Permanent Bracing for Wood Trusses: Why a Building in Snow Country Cannot Survive without It
Department of Civil, Environmental, and Geospatial Engineering
Section 2303.4.1.2 of the International Building Code requires the installation of permanent bracing on pre-engineered wood trusses to: maintain truss spacing, resist lateral loads, and prevent buckling of individual truss members. To meet this requirement, all three planes within the truss, the top chord, bottom chord, and web member, must be adequately braced as outlined in chapter three of the Building Component Safety Information (BCSI) Guide. In regions with heavy snow loads, bracing to prevent web member buckling becomes a critical, and easily neglected, component within a building's structural system. This paper provides a review of permanent bracing requirements for wood trusses, illustrates a case study of the strength of an individual truss member where the strength is reduced by over 80% when bracing is either improperly installed or missing, and it discusses some of the indicators structural inspectors can look for to ensure their roof is properly braced while helping the building owner answer the question: "When should I shovel my roof?".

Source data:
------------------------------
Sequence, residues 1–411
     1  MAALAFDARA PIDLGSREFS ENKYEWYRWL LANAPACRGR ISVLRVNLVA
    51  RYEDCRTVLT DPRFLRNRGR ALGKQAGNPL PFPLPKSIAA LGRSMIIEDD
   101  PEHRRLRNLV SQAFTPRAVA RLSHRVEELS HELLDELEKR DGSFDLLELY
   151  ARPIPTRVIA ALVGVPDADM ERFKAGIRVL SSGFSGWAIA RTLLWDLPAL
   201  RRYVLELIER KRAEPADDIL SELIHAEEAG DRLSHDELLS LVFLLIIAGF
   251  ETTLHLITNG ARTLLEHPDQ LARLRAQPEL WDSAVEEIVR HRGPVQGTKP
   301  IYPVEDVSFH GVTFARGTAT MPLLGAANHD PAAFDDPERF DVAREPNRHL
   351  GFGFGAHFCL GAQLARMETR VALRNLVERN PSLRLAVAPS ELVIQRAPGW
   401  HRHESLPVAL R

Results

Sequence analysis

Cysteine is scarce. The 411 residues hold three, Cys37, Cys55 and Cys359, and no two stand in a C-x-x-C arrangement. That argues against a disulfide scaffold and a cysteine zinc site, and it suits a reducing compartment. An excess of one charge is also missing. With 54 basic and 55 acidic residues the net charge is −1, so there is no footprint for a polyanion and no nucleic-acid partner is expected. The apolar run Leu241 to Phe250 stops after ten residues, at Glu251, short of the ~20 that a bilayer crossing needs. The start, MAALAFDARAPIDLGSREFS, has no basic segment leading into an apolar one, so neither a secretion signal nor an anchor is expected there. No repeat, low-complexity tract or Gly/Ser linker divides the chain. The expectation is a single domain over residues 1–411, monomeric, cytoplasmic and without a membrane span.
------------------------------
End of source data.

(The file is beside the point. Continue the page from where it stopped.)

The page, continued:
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Permanent Bracing for Wood Trusses: Why a Building in Snow Country Cannot Survive without It.
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